An investigation into the current practice of elemental cost planning

David Lowe, Charles Egbu (Editor), Michael Tong (Editor)

Research output: Chapter in Book/Report/Conference proceedingConference contributionpeer-review

1199 Downloads (Pure)


Elemental cost analysis is perhaps the best known product-based cost model and provides the data upon which elemental cost planning is based (Ferry et al., 1999). Quantity surveyors have been using this technique to base their predictions during the design stage since the 1950s (Morton and Jaggar, 1995). However, there has been no recent attempt to establish the extent to which practicing quantity surveyors use this technique (if indeed they do so) and the manner in which cost analysis is currently carried out. These factors have prompted research into the field of cost analysis at UMIST. The results of a nationwide questionnaire survey of UK quantity surveying practices are presented, which detail the percentage of the projects for which elemental cost estimates are prepared. Furthermore, the format used to prepare these estimates is investigated together with the extent to which the BCIS standard form of cost analysis is still used. Finally, the way that factors such as the time-stage of the estimate or the size of the project affect the use of elemental cost estimates and the level of the detail to which these estimates are analysed are examined.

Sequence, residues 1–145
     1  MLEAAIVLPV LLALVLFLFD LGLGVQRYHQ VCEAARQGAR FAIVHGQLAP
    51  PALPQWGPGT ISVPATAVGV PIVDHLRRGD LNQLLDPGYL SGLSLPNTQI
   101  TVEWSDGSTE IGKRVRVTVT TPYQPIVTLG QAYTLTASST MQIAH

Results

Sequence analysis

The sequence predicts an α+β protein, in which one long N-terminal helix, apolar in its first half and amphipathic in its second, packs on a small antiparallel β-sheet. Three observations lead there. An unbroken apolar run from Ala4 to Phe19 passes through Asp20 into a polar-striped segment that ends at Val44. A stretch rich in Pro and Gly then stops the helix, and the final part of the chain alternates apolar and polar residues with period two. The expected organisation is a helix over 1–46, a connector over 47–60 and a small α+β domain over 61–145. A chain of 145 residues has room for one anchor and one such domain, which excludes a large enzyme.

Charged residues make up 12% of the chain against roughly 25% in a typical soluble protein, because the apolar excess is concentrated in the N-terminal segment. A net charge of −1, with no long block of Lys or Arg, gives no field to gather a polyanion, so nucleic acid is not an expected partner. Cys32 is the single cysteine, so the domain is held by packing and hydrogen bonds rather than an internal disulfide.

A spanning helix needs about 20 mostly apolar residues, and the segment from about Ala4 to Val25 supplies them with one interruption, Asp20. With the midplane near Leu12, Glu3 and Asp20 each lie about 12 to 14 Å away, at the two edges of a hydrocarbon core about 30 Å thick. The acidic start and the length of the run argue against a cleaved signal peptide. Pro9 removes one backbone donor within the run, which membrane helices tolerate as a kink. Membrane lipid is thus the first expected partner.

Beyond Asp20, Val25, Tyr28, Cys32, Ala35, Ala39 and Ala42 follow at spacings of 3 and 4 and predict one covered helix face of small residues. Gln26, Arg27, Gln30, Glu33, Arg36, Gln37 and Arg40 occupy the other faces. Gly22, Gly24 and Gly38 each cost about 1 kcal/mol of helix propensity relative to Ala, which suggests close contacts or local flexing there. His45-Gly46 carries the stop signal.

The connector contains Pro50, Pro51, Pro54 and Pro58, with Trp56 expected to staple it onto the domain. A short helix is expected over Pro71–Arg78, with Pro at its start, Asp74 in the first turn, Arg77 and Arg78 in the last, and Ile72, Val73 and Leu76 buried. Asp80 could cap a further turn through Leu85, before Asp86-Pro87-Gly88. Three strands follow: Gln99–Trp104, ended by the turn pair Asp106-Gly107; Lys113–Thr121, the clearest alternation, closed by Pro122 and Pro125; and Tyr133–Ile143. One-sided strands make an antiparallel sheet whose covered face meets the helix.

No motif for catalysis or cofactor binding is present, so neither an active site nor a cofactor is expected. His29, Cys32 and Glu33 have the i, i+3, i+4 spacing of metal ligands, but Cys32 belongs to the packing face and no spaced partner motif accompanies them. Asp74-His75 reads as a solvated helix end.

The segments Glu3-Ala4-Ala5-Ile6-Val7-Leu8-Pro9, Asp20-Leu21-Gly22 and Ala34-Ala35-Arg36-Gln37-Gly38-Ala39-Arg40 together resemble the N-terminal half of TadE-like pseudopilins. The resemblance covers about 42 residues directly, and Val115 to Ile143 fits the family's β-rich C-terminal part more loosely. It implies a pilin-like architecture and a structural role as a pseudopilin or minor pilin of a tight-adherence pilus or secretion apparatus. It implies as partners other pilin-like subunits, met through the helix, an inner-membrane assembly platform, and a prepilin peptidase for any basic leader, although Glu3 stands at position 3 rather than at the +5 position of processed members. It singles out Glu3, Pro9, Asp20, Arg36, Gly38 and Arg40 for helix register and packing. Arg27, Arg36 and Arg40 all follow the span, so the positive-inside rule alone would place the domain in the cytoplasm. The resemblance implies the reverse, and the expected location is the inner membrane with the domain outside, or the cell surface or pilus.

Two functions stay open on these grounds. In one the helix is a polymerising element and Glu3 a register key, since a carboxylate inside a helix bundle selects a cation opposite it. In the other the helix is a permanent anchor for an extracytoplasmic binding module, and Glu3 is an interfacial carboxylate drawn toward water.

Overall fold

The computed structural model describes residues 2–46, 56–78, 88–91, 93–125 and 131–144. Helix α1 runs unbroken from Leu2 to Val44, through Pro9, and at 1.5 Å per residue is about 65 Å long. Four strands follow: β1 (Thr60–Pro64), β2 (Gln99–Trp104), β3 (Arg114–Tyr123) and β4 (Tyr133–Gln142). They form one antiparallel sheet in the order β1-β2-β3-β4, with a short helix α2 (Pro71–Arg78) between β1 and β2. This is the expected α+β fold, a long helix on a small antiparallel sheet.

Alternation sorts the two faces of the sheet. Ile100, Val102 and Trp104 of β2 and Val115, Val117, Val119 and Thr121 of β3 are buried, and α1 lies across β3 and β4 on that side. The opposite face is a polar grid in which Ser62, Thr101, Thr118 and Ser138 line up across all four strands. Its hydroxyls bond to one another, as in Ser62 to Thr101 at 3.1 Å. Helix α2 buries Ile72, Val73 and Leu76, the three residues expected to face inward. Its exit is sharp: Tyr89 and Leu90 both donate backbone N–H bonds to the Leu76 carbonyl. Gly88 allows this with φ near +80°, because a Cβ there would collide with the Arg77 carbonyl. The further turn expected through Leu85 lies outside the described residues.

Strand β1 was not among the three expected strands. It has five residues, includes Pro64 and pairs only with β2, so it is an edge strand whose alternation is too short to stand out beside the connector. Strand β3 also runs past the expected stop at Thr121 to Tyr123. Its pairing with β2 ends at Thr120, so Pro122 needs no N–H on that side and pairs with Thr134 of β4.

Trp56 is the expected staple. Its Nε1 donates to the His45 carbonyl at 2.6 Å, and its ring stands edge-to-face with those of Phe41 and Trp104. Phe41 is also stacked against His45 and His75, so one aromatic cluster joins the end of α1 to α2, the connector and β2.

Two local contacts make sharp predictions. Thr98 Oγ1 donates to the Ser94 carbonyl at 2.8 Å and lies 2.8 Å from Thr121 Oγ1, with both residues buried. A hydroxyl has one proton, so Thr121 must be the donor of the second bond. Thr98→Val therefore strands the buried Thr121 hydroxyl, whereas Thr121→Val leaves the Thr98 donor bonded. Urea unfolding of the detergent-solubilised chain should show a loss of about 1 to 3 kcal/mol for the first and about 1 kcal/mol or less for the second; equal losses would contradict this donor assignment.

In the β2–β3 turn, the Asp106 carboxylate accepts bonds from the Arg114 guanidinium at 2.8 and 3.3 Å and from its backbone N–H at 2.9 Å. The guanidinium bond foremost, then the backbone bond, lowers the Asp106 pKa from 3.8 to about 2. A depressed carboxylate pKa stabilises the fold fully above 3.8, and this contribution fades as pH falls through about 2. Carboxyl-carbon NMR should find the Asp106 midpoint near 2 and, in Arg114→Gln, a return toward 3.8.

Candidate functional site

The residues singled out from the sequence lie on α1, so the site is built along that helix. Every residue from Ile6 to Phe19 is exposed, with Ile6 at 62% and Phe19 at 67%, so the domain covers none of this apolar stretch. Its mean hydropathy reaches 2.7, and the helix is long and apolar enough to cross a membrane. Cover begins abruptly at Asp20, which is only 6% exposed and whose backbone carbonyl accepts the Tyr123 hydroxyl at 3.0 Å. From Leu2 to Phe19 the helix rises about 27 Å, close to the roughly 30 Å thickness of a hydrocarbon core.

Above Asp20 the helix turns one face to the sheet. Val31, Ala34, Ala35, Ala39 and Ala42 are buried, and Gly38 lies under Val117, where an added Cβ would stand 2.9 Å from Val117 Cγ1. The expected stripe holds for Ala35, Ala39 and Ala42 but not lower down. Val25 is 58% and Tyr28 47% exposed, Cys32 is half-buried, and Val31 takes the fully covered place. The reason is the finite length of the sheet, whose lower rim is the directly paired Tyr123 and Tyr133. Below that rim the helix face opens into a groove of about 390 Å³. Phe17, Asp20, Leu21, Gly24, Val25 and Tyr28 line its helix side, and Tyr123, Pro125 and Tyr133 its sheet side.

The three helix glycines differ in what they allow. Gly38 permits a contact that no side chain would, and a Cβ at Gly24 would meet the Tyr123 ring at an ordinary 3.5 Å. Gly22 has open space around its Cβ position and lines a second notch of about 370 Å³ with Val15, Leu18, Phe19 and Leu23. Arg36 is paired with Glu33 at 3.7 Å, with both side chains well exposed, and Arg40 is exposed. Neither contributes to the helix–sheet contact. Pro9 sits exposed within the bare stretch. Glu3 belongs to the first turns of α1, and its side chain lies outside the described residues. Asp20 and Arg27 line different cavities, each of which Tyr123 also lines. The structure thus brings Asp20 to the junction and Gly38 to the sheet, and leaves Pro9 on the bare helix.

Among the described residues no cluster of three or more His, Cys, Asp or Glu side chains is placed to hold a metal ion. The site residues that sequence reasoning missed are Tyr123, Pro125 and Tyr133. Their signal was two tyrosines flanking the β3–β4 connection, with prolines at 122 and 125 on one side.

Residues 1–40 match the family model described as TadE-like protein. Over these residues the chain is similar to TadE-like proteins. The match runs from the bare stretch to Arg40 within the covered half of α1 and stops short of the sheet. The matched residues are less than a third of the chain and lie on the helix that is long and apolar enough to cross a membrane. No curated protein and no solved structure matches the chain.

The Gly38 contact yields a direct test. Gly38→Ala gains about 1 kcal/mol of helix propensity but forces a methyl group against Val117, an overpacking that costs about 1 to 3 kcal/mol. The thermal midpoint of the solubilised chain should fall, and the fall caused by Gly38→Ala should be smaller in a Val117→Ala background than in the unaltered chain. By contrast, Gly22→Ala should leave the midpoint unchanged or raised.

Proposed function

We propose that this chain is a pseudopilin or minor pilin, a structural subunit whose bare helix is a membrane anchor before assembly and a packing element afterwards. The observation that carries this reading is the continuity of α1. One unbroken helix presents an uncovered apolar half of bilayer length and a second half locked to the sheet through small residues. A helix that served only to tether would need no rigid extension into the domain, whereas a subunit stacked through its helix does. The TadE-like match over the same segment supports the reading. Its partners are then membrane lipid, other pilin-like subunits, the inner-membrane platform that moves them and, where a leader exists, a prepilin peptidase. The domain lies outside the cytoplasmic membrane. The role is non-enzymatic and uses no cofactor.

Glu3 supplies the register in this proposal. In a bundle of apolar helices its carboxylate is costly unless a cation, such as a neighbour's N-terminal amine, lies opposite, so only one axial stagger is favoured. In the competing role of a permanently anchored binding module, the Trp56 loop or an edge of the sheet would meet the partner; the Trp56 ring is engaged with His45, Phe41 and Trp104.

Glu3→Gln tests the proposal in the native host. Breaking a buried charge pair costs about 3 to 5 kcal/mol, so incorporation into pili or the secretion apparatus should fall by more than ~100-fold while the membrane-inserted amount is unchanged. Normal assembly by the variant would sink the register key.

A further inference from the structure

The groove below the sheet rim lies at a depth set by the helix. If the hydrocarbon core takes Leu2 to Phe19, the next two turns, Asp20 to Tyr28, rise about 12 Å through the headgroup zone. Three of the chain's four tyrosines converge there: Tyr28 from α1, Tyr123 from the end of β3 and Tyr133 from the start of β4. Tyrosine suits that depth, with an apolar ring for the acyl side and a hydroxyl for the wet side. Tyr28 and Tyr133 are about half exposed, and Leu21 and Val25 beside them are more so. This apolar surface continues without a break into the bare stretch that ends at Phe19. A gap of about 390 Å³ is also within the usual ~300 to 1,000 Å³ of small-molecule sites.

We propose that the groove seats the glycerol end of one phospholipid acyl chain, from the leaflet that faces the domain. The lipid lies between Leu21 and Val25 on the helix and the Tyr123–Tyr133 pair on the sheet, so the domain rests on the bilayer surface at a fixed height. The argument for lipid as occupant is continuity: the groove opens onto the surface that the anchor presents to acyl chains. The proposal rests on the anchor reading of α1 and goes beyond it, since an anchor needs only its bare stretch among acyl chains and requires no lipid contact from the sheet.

Original languageEnglish
Title of host publicationProceedings of The First Scottish Conference for Postgraduate Researchers in the Built & Natural Environment (ProBE)
EditorsCharles Egbu, Michael Tong
PublisherGlasgow Caledonian University
Number of pages11
ISBN (Print)1-903661-50-1
Publication statusPublished - Nov 2003


  • Cost analysis, Element, Elemental cost estimating, Elemental Cost planning


Dive into the research topics of 'An investigation into the current practice of elemental cost planning'. Together they form a unique fingerprint.

Cite this